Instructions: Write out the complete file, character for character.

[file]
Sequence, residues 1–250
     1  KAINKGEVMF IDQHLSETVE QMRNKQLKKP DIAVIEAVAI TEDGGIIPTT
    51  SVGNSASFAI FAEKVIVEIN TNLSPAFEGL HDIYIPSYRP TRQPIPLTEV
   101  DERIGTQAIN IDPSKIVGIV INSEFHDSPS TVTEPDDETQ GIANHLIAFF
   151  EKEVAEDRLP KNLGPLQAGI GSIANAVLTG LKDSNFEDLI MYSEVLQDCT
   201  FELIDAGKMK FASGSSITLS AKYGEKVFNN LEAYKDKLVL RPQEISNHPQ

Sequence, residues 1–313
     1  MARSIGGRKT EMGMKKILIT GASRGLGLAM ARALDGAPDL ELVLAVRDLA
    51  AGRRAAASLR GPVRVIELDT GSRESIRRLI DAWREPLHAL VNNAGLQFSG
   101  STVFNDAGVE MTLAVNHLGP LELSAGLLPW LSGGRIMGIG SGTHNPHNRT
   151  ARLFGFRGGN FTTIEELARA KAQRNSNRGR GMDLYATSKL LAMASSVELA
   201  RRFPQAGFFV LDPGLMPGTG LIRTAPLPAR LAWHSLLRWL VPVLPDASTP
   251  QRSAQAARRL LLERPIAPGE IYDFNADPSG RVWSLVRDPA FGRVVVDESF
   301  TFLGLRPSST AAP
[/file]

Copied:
Sequence, residues 1–250
     1  KAINKGEVMF IDQHLSETVE QMRNKQLKKP DIAVIEAVAI TEDGGIIPTT
    51  SVGNSASFAI FAEKVIVEIN TNLSPAFEGL HDIYIPSYRP TRQPIPLTEV
   101  DERIGTQAIN IDPSKIVGIV INSEFHDSPS TVTEPDDETQ GIANHLIAFF
   151  EKEVAEDRLP KNLGPLQAGI GSIANAVLTG LKDSNFEDLI MYSEVLQDCT
   201  FELIDAGKMK FASGSSITLS AKYGEKVFNN LEAYKDKLVL RPQEISNHPQ

Sequence, residues 1–313
     1  MARSIGGRKT EMGMKKILIT GASRGLGLAM ARALDGAPDL ELVLAVRDLA
    51  AGRRAAASLR GPVRVIELDT GSRESIRRLI DAWREPLHAL VNNAGLQFSG
   101  STVFNDAGVE MTLAVNHLGP LELSAGLLPW LSGGRIMGIG SGTHNPHNRT
   151  ARLFGFRGGN FTTIEELARA KAQRNSNRGR GMDLYATSKL LAMASSVELA
   201  RRFPQAGFFV LDPGLMPGTG LIRTAPLPAR LAWHSLLRWL VPVLPDASTP
   251  QRSAQAARRL LLERPIAPGE IYDFNADPSG RVWSLVRDPA FGRVVVDESF
   301  TFLGLRPSST AAP